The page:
Abby Martin: Again, yeah. That's why I loved that, I remember I saw you immediately after Obama got elected, I think I saw you in San Diego speaking at the peace rally.
Cindy Sheehan: Right, it was a couple of months after, yeah.
Abby Martin: And you were just saying the same things. You said, "Why are we surprised he said he was going to do the things."
Abby Martin: "We shouldn't be shocked that he's doing them. He's an aggressive imperialist. This is -- this is who he campaigned on -- as." So I loved that. You didn't skip a beat. So that means you're a true advocate for peace. And a lot of people align themselves with the Democrats and think that's-that's an alternative and that's for peace. It doesn't make any sense. They're both aggessive imperialists, they're just two sides of the coin.
Cindy Sheehan: But there's -- but there's some people who are so-called anti-war, so-called peace activists who know the two party system is a sham, who know the Democrats are no different from the Republicans. But still it's about political party over policy and over peace and over progressivism. And so we can't -- There's some people who had just had it after eight years of the Bush administration, like all of us did. And they wanted a change and they didn't care what Obama was saying. They saw how he was saying it, they didn't hear what he was saying. So those people are one thing. But the people who are high up in the anti-war movement, high up in these organizations that literally used me to promote anti-Bush -- you know, the anti-Bush agenda -- which I was anti-Bush, I still am anti-Bush -- to promote that agenda without following through on, you know, what I felt was the most important thing and that's ending the wars.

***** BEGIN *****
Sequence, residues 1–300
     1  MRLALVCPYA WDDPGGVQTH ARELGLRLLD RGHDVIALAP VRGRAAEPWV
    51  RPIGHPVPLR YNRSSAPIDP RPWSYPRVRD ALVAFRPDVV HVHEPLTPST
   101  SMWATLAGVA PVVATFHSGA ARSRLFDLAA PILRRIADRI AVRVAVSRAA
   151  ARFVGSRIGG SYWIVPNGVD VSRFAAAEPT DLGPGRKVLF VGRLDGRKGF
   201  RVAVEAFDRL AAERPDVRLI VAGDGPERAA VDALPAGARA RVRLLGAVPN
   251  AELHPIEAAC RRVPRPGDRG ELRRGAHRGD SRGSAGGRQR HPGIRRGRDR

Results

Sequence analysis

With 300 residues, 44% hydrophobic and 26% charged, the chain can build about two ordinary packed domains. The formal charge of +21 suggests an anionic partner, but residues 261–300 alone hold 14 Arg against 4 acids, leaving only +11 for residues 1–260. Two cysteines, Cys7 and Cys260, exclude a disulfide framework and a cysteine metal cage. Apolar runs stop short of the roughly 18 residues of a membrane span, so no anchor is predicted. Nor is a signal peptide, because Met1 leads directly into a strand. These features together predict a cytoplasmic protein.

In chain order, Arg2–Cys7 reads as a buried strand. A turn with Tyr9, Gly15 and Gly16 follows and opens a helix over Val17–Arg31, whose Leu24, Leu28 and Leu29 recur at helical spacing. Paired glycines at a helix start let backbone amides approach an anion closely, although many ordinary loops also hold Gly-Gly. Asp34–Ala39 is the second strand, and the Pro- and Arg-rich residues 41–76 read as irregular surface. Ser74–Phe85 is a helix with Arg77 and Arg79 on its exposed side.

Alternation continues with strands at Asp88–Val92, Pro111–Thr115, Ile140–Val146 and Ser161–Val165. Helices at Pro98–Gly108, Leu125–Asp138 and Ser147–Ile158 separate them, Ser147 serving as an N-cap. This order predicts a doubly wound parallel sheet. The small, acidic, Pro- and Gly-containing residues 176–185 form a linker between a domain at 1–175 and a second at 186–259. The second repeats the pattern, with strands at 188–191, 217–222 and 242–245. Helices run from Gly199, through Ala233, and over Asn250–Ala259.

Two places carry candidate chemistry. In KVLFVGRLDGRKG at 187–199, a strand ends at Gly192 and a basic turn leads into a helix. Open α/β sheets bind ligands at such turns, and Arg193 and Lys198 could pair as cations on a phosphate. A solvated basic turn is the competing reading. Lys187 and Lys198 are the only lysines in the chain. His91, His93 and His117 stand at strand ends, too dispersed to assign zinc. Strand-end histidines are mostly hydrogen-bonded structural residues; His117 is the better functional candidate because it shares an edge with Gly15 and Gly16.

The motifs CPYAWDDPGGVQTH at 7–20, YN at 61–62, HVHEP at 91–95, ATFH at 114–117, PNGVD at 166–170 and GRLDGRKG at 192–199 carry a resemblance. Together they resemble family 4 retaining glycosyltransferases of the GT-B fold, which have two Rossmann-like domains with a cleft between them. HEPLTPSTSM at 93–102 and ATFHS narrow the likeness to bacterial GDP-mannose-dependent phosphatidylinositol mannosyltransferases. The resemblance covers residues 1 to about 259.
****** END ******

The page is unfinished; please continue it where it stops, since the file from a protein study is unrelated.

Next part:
Abby Martin: Yeah. Right. Exactly.
Cindy Sheehan: There's no excuse for those people.
Abby Martin: Right. There isn't. And just going along with what you're saying, it's astounding, that video I sent you about just interviewing people in the Bay Area and how asleep they are. All these people, they love Obama but they don't know why. They can't tell you one thing that he's doing.
Abby Martin: And just encountering other peace activists. Do you think -- Do you see more of a trend now, like you said, two years into his presidency, finally, do you see people waking up more and saying, "Oh my G**! I was duped!"
Abby Martin: So you are encountering that a lot more?
Cindy Sheehan: Yes and just like it happened when Bush was president that so many Republicans e-mailed me and said that they felt the same way. You know, at first they hated me but then they really started to research or he did something that sent them over the edge or whatever. And that started happening at the end of the Bush administration. And it's starting to happen now too because, I think really, the people who were opposed to Bush and opposed to his policies are -- I would think they were more of the intelligent people in our country. So it's not going to take them eight years to wake up like it took some Bush supporters. I'm not saying Bush supporters are stupid. [Laughter.] I guess I am saying that. If you supported Bush and still support him, what's the matter with you? Really. Come on.
Abby Martin: It's just, I almost feel like they're -- Yeah, I'd love to give people the benefit of the doubt and be like, you know, it's going to take you a couple of years to wake up. But I mean, if you got it and you woke up during the Bush administration, I don't see how you got duped at all.
Cindy Sheehan: Absolutely.
Abby Martin: There was really no -- I just don't see it. No change in civil liberties, no change in foreign policy.